'Lavender Beauty' Yarrow
"Or let their wishes loose, in forest-glade,
Among the lurking powers
Of herbs & lowly flowers,
Or seek, from saints above, miraculous aid."
'Lavender Beauty' milfoil or yarrow requires full sun in coastal gardens, but can do with a tiny bit of shade in hotter inland gardens. It grows one to two feet in height, & the clump can spread one to two feet wide or wider. Older larger clumps may need to be divided if they appear to drop off in blooming strength, or for reasons of propogation.
'Lavender Beauty' has been marketed alternatively under the names 'Lilac Beauty,' 'Lavender Lady,' & 'Forncett Beauty.' Though some sources suggest two or more under these four names are separate cultivars, they are almost certainly the same.
The flowers are pale lavender-blue to lavender-pink, sometimes beginning to flower in late spring & inevitably through the whole of summer. Deadheading can extend flowering period into early autumn. If permitted to go to seed it may or may not stop blooming for the rest of the year. It is apt to re-seed but new plants are not likely to be precisely the same color.
Native of Eurasia, but now naturalized all around the globe, wild yarrow tends to be white to pink to lavender, hence 'Lavender Beauty' is fairly close in appearance to the original wildflower, though the color has been enhanced.
Although they do extremely well in low-maintenence gardens because drought tolerant, they do in fact bloom more fabulously with periodic watering in spring & summer. If too wet in winter, however, they are apt to rot, so soil should drain extremely well. Overhead watering can sometimes spoil the flowers or shorten their prime appearance, so that ground-level irrigation is recommended.
Our 'Lavender Beauty' & a few others grow near a laurel-like Strawberry Tree so are somewhat protected from overhead rainfall, & the big shrub's root system soaks up excess wetness.
Yarrows need little or no fertilizing to do well, though a slow release plant food early in the year doesn't hurt. They should certainly not be fertilized later in the year, as it is too easy to induce bursts of winter growth which will weaken the plant's performance the following year, or even kill the plant during a good cold-snap, as it needs to be dormant in the winter.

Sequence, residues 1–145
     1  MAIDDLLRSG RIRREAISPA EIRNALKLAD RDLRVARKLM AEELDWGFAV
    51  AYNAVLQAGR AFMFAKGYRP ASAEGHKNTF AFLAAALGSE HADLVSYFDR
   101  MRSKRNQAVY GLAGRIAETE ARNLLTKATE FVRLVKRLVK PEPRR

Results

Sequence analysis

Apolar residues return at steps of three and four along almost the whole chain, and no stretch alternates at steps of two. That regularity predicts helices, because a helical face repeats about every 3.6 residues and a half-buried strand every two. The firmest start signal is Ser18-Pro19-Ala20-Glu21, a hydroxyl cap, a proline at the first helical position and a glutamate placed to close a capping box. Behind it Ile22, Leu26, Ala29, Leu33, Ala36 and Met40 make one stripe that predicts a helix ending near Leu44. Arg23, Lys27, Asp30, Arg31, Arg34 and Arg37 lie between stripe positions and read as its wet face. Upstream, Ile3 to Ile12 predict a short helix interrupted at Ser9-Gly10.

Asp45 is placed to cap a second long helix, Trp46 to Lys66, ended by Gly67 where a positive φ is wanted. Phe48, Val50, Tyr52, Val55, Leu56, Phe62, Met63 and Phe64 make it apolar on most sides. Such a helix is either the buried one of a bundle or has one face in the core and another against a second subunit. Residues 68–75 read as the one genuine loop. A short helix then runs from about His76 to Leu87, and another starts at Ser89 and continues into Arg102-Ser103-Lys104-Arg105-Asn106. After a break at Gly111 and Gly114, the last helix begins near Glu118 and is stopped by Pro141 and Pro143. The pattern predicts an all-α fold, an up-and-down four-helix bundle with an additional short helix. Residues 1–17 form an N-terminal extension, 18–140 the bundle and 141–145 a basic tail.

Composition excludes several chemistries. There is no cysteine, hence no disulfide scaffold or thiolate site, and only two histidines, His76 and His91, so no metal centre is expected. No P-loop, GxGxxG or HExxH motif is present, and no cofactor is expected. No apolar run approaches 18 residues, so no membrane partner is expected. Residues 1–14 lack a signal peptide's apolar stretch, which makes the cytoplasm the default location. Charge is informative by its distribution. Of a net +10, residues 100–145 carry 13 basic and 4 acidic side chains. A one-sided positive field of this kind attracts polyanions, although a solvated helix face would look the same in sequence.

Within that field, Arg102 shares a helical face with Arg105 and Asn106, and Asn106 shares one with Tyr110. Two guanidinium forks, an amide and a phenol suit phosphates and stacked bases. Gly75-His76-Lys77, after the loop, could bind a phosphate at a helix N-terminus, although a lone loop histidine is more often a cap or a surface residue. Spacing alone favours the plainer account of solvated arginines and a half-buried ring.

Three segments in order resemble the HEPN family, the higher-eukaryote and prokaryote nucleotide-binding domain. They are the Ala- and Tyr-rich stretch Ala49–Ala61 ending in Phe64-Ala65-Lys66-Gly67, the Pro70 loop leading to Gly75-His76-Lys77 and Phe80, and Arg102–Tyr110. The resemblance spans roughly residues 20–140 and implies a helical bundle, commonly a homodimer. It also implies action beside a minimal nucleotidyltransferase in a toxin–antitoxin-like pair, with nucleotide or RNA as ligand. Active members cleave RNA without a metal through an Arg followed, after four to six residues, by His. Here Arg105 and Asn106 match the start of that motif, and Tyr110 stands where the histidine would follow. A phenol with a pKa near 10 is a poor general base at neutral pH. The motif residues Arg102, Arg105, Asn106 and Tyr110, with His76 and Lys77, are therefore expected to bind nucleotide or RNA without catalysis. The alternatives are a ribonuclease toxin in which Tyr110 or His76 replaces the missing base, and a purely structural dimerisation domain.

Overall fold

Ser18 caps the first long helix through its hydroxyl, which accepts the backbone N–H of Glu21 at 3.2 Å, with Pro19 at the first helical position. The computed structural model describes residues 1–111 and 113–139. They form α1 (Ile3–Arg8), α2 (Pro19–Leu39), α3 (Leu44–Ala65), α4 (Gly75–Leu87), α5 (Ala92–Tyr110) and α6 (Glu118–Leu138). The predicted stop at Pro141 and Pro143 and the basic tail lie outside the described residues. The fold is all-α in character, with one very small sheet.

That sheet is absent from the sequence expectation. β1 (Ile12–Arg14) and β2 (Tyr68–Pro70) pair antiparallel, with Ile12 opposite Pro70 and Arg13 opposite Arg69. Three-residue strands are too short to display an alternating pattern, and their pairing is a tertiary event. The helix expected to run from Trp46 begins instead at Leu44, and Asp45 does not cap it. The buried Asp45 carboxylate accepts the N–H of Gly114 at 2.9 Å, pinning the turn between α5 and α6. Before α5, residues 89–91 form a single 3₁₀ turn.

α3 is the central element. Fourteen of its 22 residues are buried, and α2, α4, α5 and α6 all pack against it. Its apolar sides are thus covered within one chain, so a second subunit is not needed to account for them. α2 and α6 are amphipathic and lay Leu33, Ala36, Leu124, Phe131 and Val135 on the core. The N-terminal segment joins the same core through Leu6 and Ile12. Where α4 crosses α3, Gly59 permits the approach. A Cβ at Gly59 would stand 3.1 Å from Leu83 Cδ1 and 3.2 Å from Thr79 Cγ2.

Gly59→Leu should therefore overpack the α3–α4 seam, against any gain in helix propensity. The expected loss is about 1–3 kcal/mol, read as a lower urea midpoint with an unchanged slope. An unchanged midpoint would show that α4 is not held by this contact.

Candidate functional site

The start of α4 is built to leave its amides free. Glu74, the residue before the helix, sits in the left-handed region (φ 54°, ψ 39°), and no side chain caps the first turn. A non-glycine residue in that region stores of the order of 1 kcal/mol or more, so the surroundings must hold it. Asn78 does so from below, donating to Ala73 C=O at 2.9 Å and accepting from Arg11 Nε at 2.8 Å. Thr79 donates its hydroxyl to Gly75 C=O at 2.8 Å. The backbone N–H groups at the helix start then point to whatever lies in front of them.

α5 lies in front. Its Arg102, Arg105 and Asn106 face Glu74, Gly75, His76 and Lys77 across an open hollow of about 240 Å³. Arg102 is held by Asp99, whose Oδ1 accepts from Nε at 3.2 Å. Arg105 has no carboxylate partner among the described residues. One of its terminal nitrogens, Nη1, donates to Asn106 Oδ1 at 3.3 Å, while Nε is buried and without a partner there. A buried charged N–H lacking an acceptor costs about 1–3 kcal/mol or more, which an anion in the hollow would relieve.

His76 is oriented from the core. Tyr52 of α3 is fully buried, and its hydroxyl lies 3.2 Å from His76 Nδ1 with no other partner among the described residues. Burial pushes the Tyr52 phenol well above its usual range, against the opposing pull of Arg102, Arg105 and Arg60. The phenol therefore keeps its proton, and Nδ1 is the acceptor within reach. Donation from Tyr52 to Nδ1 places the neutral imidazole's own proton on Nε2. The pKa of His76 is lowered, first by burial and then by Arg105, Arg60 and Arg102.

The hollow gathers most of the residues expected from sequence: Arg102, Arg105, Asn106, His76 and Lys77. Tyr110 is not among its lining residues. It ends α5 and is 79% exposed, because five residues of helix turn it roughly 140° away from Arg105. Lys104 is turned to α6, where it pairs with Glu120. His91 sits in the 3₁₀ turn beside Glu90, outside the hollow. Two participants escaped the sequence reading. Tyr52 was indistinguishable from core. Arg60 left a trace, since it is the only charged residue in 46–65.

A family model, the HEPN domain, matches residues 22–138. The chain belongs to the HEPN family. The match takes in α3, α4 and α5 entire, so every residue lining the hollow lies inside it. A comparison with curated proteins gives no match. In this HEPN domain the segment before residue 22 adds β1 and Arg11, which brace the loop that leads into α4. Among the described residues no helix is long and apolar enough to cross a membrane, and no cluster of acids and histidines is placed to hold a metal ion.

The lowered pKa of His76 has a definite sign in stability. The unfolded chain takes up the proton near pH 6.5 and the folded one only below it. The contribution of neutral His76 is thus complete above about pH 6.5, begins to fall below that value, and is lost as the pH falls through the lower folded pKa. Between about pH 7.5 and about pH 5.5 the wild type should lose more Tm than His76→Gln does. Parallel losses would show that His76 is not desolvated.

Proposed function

Though not prone to diseases (except for the possibility of rotting from excess winter moisture), yarrows are suceptible to powdery mildew. If not crowded this oughtn't be a problem, but if the leaves do become mildewy, this will likely be toward the end of the year in the rain season.
There's no sense in "treating" powdery mildew on an achillea. A mildewed clump should just be cut entirely to the ground, the cuttings discarded rather than composted; the trimming will induce some fresh autumn growth, & it will almost certainly be mildew-free the following spring. It is perhaps a good idea not to plant them near beebalms or any other plant notorious for getting powdery mildew, as too many susceptible species in one location is asking for trouble.
They are somewhat less susceptible to rust, which can manifest as raised reddish spots or pustules on the undersides of leaves. Once again, the treatment is completely organic, just cut the plants to the ground, discard rather than compost infected leaves, & let the plant regrow clean of infection.
In many places yarrow is regarded as invasive, though it is only rarely a dominant plant, & cultivars though extremely vigorous are not as aggressive as the wildflower itself.
For over a hundred years in North America, yarrow was traditionally planted by farm wives around stumps or near the edge of cleared land, for it had many uses though it required no care. My own great-grandmother Elvy had them on her land around stumps, & generations of kids came & went every one of them learning techniques of flower-drying thanks to Gram's yarrows.
This tradition insured Eurasian yarrows would naturalize everywhere on the continent. The only farm wives who avoided it were on dairies. If cows did per chance eat the leaves & flowers, it lent a bitter taste to their milk.
It is unpallatable to wildlife though pronghorn antelope, bighorn sheep & a few other animals will graze the flowerheads, as will domestic sheep & especially goats. Cattle & horses will rarely graze the flowers, & almost never graze the bitter leaves.
'White Beauty' Yarrow
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